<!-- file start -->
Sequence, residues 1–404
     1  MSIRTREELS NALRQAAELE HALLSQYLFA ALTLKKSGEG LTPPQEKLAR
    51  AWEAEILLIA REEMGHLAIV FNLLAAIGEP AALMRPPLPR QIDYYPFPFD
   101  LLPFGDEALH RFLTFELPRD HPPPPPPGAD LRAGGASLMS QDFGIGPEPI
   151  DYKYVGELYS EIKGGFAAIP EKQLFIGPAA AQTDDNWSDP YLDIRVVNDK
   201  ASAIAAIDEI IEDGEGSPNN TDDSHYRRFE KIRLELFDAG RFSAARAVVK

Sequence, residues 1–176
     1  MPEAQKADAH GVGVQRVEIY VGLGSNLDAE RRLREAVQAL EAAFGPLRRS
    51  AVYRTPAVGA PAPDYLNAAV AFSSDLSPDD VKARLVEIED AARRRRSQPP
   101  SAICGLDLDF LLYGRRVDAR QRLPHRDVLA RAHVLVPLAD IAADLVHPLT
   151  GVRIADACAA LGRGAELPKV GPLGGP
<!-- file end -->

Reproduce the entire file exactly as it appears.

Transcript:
Sequence, residues 1–404
     1  MSIRTREELS NALRQAAELE HALLSQYLFA ALTLKKSGEG LTPPQEKLAR
    51  AWEAEILLIA REEMGHLAIV FNLLAAIGEP AALMRPPLPR QIDYYPFPFD
   101  LLPFGDEALH RFLTFELPRD HPPPPPPGAD LRAGGASLMS QDFGIGPEPI
   151  DYKYVGELYS EIKGGFAAIP EKQLFIGPAA AQTDDNWSDP YLDIRVVNDK
   201  ASAIAAIDEI IEDGEGSPNN TDDSHYRRFE KIRLELFDAG RFSAARAVVK

Sequence, residues 1–176
     1  MPEAQKADAH GVGVQRVEIY VGLGSNLDAE RRLREAVQAL EAAFGPLRRS
    51  AVYRTPAVGA PAPDYLNAAV AFSSDLSPDD VKARLVEIED AARRRRSQPP
   101  SAICGLDLDF LLYGRRVDAR QRLPHRDVLA RAHVLVPLAD IAADLVHPLT
   151  GVRIADACAA LGRGAELPKV GPLGGP